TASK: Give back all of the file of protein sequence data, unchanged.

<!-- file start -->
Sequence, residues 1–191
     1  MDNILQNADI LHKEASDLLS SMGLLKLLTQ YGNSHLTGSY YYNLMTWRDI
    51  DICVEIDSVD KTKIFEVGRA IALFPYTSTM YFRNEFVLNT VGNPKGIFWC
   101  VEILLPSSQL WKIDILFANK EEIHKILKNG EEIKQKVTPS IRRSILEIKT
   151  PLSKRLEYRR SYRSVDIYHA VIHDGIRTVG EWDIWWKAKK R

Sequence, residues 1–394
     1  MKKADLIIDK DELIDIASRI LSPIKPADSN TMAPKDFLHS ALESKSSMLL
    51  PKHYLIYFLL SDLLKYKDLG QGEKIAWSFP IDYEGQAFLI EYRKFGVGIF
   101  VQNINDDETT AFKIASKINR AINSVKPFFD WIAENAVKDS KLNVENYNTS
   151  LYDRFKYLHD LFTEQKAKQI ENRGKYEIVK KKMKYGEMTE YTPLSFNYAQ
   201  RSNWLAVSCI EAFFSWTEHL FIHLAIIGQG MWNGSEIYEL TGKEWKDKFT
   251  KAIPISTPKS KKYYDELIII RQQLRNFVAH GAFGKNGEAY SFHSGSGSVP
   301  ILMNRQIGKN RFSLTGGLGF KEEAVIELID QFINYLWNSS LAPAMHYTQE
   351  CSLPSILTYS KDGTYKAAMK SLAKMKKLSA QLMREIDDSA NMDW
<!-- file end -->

Sequence, residues 1–191
     1  MDNILQNADI LHKEASDLLS SMGLLKLLTQ YGNSHLTGSY YYNLMTWRDI
    51  DICVEIDSVD KTKIFEVGRA IALFPYTSTM YFRNEFVLNT VGNPKGIFWC
   101  VEILLPSSQL WKIDILFANK EEIHKILKNG EEIKQKVTPS IRRSILEIKT
   151  PLSKRLEYRR SYRSVDIYHA VIHDGIRTVG EWDIWWKAKK R

Sequence, residues 1–394
     1  MKKADLIIDK DELIDIASRI LSPIKPADSN TMAPKDFLHS ALESKSSMLL
    51  PKHYLIYFLL SDLLKYKDLG QGEKIAWSFP IDYEGQAFLI EYRKFGVGIF
   101  VQNINDDETT AFKIASKINR AINSVKPFFD WIAENAVKDS KLNVENYNTS
   151  LYDRFKYLHD LFTEQKAKQI ENRGKYEIVK KKMKYGEMTE YTPLSFNYAQ
   201  RSNWLAVSCI EAFFSWTEHL FIHLAIIGQG MWNGSEIYEL TGKEWKDKFT
   251  KAIPISTPKS KKYYDELIII RQQLRNFVAH GAFGKNGEAY SFHSGSGSVP
   301  ILMNRQIGKN RFSLTGGLGF KEEAVIELID QFINYLWNSS LAPAMHYTQE
   351  CSLPSILTYS KDGTYKAAMK SLAKMKKLSA QLMREIDDSA NMDW